Here's another story from my research into the family of Professor Wallace Clement Sabine, a brilliant teacher, scientist, and war hero (1864–1919). I live on one floor of the Back Bay house where he and his family lived from 1909 to 1950.
The following little adventure happened in early May. I didn't think it would take me three months to get around to writing about it, although I knew I'd need some time to ruminate. For one thing, I was disappointed when I saw my photos; I was clearly too amazed to remember to use my camera or to hold it steady when I did. For another, it happened just days after I made a few unexpected discoveries about the Sabines at City Hall, and I was still reeling and recalculating everything I thought I knew about them.
Looking back, it strikes me as pretty weird that, within 72 hours of learning those things, I'd be standing in Wallace Clement Sabine's laboratory at Harvard, the legendary, soundproof room where he spent 20 years performing the meticulous original experiments in measuring sound that led to his "creating the science and the art of architectural acoustics."
On the other hand, this amusing, casual research project of mine has turned out to be rife with strangeness and coincidences. By now I should be getting used to the fact that surprising material and connections keep turning up, one way or another. That afternoon, I felt like I was being pulled back up on my feet, just what I needed. Now, it seems like a dream.
* * *
On a Friday in early May, I put on my favorite dress, lipstick, and heels, and took the university shuttle bus to Harvard Square to meet my husband. We were invited to a party for one of his colleagues, and then we were going to see an interesting but unlikely Victorian house prospect in Medford, and then we'd have dinner. I spotted my husband in a café, having coffee with a young fellow I didn't know. He was introduced as a recent former student, doing post-doctoral work in physics. He told me he enjoyed one of my husband's courses so much that he'd taken it twice. I instantly liked him.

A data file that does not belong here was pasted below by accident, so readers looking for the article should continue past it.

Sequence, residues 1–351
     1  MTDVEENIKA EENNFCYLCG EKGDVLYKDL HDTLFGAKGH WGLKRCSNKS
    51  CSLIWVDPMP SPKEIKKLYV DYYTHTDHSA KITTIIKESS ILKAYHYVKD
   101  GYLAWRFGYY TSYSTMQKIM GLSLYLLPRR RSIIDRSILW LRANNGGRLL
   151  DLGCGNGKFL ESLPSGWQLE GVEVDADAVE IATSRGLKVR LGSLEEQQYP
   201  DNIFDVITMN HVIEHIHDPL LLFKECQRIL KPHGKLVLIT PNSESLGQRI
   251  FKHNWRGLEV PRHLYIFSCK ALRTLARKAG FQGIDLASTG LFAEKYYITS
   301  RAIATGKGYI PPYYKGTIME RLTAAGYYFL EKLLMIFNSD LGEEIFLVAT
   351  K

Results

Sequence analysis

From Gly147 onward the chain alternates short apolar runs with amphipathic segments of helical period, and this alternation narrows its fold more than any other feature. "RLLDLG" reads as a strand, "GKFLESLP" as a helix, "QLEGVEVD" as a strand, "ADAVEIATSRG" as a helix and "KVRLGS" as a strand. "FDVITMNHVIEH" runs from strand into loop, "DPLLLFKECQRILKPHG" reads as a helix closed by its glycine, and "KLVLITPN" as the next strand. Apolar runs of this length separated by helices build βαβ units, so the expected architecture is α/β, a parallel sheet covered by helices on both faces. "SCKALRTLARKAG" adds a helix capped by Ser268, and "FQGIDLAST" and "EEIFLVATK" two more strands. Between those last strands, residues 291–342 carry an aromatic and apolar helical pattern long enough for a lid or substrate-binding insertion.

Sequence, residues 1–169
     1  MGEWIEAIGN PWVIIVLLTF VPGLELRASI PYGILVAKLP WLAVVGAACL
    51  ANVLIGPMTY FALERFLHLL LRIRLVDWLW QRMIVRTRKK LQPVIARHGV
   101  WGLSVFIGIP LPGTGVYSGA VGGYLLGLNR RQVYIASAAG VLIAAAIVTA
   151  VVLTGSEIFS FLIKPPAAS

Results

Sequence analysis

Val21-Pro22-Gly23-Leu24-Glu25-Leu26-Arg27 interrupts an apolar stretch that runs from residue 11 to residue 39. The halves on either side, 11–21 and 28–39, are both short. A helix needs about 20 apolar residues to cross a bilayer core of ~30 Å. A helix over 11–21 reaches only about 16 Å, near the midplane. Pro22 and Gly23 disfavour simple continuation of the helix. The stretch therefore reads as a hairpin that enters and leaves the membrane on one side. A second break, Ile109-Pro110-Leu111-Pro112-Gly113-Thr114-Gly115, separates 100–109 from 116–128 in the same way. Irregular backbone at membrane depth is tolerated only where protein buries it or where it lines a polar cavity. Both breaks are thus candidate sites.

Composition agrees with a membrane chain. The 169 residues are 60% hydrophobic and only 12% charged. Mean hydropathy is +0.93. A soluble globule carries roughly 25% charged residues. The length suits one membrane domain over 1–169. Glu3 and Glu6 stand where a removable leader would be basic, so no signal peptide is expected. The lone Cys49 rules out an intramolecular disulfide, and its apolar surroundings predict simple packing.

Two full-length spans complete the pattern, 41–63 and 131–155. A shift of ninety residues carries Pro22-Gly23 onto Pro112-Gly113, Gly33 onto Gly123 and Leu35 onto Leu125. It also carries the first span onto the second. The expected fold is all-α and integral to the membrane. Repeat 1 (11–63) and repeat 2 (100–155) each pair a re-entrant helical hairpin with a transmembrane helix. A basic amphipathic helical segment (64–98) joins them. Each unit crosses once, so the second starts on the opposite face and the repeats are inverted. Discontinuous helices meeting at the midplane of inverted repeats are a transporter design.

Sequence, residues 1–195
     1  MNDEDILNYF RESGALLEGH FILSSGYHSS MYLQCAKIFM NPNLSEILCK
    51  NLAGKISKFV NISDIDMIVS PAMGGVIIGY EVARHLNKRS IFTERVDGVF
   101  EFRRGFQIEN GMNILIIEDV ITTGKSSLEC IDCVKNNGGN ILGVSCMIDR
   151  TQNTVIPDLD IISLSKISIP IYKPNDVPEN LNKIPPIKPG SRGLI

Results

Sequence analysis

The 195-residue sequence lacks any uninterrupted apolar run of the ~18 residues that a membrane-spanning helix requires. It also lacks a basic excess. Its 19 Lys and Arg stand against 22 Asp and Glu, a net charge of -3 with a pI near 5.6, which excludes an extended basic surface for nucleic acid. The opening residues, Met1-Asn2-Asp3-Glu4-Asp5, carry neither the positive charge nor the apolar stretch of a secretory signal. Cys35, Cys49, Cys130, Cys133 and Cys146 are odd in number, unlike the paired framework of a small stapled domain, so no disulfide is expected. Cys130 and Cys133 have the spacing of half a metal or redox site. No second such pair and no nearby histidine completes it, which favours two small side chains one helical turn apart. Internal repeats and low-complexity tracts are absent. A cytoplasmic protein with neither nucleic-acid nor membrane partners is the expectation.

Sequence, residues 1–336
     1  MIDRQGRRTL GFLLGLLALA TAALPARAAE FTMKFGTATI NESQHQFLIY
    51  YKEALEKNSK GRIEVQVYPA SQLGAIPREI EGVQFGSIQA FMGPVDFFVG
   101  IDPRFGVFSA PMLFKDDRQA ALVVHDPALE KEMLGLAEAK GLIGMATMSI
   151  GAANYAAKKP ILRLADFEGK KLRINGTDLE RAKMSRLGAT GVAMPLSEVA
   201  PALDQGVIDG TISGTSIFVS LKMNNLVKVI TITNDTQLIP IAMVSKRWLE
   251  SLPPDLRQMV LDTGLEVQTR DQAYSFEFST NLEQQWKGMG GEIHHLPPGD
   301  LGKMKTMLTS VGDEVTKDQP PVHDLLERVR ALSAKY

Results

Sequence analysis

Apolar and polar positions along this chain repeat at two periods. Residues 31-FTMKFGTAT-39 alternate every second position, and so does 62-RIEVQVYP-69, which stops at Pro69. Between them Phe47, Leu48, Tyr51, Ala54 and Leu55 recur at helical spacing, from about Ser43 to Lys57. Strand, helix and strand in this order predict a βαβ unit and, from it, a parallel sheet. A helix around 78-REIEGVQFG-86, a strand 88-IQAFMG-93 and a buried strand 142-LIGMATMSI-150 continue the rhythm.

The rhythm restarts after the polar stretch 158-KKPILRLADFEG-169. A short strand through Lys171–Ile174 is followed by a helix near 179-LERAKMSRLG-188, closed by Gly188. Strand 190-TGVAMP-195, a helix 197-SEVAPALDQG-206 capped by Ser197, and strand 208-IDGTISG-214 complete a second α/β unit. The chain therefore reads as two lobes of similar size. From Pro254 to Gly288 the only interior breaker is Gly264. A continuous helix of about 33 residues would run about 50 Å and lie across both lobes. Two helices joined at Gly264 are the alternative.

As the three of us walked to the Yard, my husband prodded me to tell his friend about my Sabine research. He was interested and told me what he knew about Sabine. He asked if I'd studied his acoustical discoveries and I confessed that I only understood a little but would focus on it eventually. (I did well in physics in school; Sabine's writing is remarkably clear and elegant, and so I think I can handle it.)
He said he'd had a first edition of Sabine's Collected Papers on Acoustics, which he'd picked up at a campus book sale for a dollar, and offered to lend it to me. I accepted; it was the last book on my list to buy. My husband was mostly quiet, listening to our talk and enjoying it. He mentioned that I had recently walked him across campus to stand outside the Jefferson Laboratory and peek in its basement windows.
Our friend asked, "Haven't you been inside? You ought to see it, and I can give you a tour any time. I'm going there now. Want to come with me?" He was full of enthusiasm, practically bouncing up and down in anticipation. I wonder if there are many physicists who are so warm, chatty, personable, and nerdy in all the good ways. Plus he admired my husband.
I glanced at said husband. By now we were at the place where the party was in progress, and he holding the door open for me. I hesitated for about a nanosecond.
"YES!" I said.
"Your wife is ditching you for me," explained the post-doc, "And we've only just met!"
"It doesn't surprise me," said my husband. "Will you come back here later?"
"I don't know." I said. "Sorry! Give Arthur my regards. Text me later and we'll see where we're at."
And off I went to the Jefferson Laboratory with my new best friend:
The Jefferson Laboratory, Harvard University. Photo: Kris Snibbe, Harvard News Office
The Jefferson Physical Laboratory was the first building of its kind, built for a new style of teaching:
1884 was a watershed year for physics at Harvard: The Jefferson Laboratory (named after the third President) opened — the first building in the Western hemisphere dedicated entirely to physics research and teaching. The laboratory was built with funds donated by Thomas Jefferson Coolidge, a businessman in Boston, and the scientist Alexander Agassiz. It was John Trowbridge of the Physics Department who had persuaded President Charles W. Eliot to support the idea, still unusual in the U.S., that laboratory research is essential for science — that faculty should not only teach physical knowledge but also do research, and that students should learn by actually doing experiments. — Professor Gerald Holton, "Early History of the Physics Department," in Physics: Harvard University Department of Physics Newsletter, Fall 2014
Stay tuned for more.